Tying the Simple Egg

The first steelhead I ever caught was by accident. It was while I was at college and I had been catching smallmouth bass on the lower end of the Touchet River all summer. Feeling a bit worn down from too many hours in front of books I headed to the Touchet in October to see if there were still any bass in there. At this point in my life I knew very little about steelhead.

The spot I came to fish was good throughout the summer for catching smallmouth. It seemed you could catch a bass on almost every cast. After spending about 10 minutes fishing with no bites I decided I would give it that one last cast before I moved on. A large, bright steelhead rolled at my offering. I was dumbfounded. I had come to see if bass were still in the river and a huge fish just rolled right in front of me. I did not move on. I fished the run through very thoroughly and hooked and landed my first steelhead without knowing anything about catching steelhead. Although I hooked one steelhead, I was hooked on steelhead fishing forever more.

I bought several books on fly fishing for steelhead and studied them intently. I tied up all kinds of patterns to try and catch these elusive fish. That first fish was just a big tease. It was quite a while after that before I caught another steelhead. In the meantime I filled a fly box full of classic steelhead patterns. At some point I heard of guys catching steelhead on a really simple pattern of glo-bug yarn pulled over a bead. I tied a few up and they caught steelhead. More than that, they caught fish consistently and took no time to tie.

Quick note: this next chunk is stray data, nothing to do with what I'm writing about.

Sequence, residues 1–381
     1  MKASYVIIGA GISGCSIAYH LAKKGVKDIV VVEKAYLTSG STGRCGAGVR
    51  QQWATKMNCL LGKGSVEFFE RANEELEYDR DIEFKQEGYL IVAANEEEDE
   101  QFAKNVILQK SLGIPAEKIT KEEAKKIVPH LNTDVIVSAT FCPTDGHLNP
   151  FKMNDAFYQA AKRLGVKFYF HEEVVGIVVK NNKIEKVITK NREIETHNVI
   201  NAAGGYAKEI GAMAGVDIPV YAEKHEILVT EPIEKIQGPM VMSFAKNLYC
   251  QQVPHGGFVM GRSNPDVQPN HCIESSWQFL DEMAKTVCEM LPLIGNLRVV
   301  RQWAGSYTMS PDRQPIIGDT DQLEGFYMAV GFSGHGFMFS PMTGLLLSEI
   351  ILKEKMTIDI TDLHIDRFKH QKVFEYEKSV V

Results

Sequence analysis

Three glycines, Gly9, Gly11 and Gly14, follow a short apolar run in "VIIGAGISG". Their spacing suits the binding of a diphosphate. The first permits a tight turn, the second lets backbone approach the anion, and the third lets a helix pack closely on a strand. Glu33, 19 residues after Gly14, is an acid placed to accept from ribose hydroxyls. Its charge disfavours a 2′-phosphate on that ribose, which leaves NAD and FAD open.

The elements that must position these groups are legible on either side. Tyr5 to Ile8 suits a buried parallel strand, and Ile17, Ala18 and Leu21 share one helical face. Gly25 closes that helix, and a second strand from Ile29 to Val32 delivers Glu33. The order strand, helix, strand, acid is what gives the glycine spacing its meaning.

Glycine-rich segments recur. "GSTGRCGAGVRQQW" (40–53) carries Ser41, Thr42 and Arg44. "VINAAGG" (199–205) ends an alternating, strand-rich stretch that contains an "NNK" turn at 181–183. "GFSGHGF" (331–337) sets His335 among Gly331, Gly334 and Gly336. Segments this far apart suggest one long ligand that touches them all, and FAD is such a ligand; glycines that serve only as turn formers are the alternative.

Wallowa River Steelhead

I learned to catch steelhead on the Tucannon, Touchet, and Walla Walla Rivers in Eastern Washington while attending school at Walla Walla Community College and then Whitman College.  These are small rivers where steelhead often hold in exceedingly small holding lies. The Simple Egg proved to be the most effective pattern I tied on the end of my line. With small water and small holding lies, your fly often gets caught on a tree limb, rock, or root. It did not hurt my feelings to lose a Simple Egg that only took a few minutes of my time to tie.

Since my college days I have fished for steelhead in a lot of other waters, but the Simple Egg remains an effective pattern that I keep in my box. I have noticed that in September and early October an egg pattern does not seem to offer any advantage over other patterns. But sometime around the end of October or first of November the Simple Egg starts catching more fish than other patterns. This may have something to do with the spawning time of fall Chinook runs. Either way, it is a simple effective pattern and I like things that are simple and effective.

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3 Responses to Tying the Simple Egg

  1. Pingback: Tying the Glo-Bug | fishingandhiking.com

  2. Pingback: Winter rafting, camping, and a little steelhead fishing with the kids on the Grande Ronde: February 2012 | fishingandhiking.com

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